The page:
Tips for buying organic produce
The higher premium for organic foods, because of the more expensive farming practices, means that consumers often want to know whether they should spend a bit extra and buy organic. What does organic mean? And how can you find out whether a product is actually organic?
What is organic?
Organic food is produced using organic farming practices, that is, without the use of chemical pesticides or fertilisers and sold to the consumer without added preservatives.
Organic farming practices are designed to:
*use best environmental practice in farming activities and regenerate the land and soil;
*not use genetically modified organisms (GMOs);
*provide healthy livestock habitats, and
*use recycling and promote self-sustaining biological cycles.
Is organic good for you?
There have been various studies to try to determine whether organic food is more nutritious than non-organic food. There is no one conclusive study. However, it appears that there may be some health benefits, including a higher level of antioxidants in organic food. One study estimated this difference to be between 19 percent and 69 percent higher in organic foods.
One of the main attractions of organic food is the lack of harmful pesticide residue that can be found on non-organic food. Chemical pesticides are used in conventional farming to prevent damage from weeds, insects, rodents and fungus. Pesticide exposure has been linked to increased rates of chronic diseases such as cancer and Alzheimer’s. However, some experts warn that the amount of potential pesticide residue left on food is not sufficiently high in concentration to be harmful.
Another attraction for consumers in purchasing organic food is the farming practices used in producing organic meat and milk which are perceived as being kinder to animals. The livestock are raised without the use of hormones, antibiotics or food treated with pesticides.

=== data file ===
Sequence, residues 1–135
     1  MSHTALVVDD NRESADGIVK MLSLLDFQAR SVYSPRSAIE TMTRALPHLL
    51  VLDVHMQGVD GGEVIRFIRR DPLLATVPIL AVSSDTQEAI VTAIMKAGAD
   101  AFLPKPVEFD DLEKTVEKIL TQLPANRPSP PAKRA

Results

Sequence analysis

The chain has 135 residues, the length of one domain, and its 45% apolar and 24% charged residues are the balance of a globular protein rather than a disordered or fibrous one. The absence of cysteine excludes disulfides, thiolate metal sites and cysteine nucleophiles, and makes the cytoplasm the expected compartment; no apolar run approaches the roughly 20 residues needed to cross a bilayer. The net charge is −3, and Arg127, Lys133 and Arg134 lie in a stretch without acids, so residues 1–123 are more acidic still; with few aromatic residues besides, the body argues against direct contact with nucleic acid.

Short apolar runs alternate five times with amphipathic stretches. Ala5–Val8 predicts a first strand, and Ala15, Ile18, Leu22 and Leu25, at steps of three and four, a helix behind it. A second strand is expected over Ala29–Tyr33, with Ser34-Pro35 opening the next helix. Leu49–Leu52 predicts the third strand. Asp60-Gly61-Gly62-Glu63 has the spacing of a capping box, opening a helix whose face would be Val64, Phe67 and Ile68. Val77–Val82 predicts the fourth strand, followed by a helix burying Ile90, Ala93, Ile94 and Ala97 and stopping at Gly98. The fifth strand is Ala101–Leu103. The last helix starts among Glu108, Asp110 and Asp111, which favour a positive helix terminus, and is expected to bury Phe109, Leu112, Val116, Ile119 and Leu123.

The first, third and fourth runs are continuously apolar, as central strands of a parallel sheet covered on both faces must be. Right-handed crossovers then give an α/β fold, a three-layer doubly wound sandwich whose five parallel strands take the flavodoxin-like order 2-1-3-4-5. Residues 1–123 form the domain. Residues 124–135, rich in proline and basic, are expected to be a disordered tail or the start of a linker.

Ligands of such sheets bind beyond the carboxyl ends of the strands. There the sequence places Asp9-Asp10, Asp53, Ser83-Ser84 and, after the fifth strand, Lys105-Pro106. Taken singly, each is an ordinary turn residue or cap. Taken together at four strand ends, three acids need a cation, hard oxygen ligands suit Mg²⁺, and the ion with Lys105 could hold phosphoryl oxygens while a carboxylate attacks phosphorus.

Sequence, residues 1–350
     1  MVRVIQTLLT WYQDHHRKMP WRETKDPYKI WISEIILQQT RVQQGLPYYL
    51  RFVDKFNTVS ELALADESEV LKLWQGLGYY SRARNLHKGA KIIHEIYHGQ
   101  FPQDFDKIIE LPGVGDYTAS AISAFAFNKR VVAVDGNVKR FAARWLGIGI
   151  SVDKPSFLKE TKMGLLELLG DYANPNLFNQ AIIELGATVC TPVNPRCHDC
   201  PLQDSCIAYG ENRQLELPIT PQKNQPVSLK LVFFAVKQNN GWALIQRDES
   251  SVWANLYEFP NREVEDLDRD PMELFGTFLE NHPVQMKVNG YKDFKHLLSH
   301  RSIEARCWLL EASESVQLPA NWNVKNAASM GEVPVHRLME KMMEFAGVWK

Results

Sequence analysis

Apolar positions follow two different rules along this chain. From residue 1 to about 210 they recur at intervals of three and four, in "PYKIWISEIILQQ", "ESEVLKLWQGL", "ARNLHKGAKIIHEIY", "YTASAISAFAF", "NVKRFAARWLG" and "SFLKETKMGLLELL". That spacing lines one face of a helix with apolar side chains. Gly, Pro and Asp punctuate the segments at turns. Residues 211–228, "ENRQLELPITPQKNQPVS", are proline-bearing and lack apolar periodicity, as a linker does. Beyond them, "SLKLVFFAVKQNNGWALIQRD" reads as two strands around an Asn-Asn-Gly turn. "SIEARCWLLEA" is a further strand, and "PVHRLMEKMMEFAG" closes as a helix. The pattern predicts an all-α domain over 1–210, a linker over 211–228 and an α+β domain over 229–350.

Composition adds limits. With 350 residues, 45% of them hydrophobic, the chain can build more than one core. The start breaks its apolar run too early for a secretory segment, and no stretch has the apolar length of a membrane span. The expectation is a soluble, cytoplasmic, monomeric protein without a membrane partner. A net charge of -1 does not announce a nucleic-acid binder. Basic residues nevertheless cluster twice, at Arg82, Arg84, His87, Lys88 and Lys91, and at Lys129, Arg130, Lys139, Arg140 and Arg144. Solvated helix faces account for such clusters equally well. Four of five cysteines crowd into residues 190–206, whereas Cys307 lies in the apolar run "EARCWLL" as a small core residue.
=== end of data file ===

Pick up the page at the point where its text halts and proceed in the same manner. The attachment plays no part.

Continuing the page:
Finally, but importantly, taste is another reason people buy organic produce. The taste of organic vegetables, meat and milk is regarded by many people as far superior to the taste of non-organic produce.
The labelling debate
Any food products advertised as “organic” must follow strict guidelines. Countries have different organic certification standards. In Australia, there is a voluntary standard for growers and manufacturers wishing to label their products ‘organic’ and ‘biodynamic’ (AS 6000–2009).
Some organic products are labelled as “certified” organic, whilst others are not. What is the difference and does it matter?
1. Certified organic
Some products bear a symbol, logo or other trade mark to show that they are certified organic. This certification is provided by various third party, private bodies that have minimum standards required for certification. In Australia, there is a move to try and standardise the organic standards across industries.
A business that labels its product as certified organic must ensure that its product is actually certified and conforms to the relevant certification standards on an ongoing basis.
Being certified as a producer is a big undertaking. In the case of farming practices, it requires developing and maintaining a whole system approach to farming. This process usually takes three years. For example, certified organic status as a farming producer requires a minimum period of three years of verified conformance with standards.
2. Non-certified organic
It is expensive for small producers to have their products certified and many do not pursue certification. In order to claim their product is organic they must still use organic farming practices, however, their farm and products have not undergone a strict certification process.
Come to the markets
For products not “certified” organic, it is difficult for consumers to know whether the product is entirely organic. At the markets, you can speak with stallholders and learn about how their products are farmed or made. Market stallholders also tend to make smaller quantities than large commercial producers and have quality produce.
Come and visit your local markets and speak with the stallholders directly about how they made their product.
[Sources/references] Research with thanks to:
Australian Competition and Consumer Commission (ACCC) “Organic claims”
“Clear differences between organic and non-organic food, study finds” The Guardian, 11 July 2014
Australian Certified Organic “Farming certification”
 “Clear differences between organic and non-organic food, study finds” The Guardian, 11 July 2014 https://www.theguardian.com/environment/2014/jul/11/organic-food-more-antioxidants-study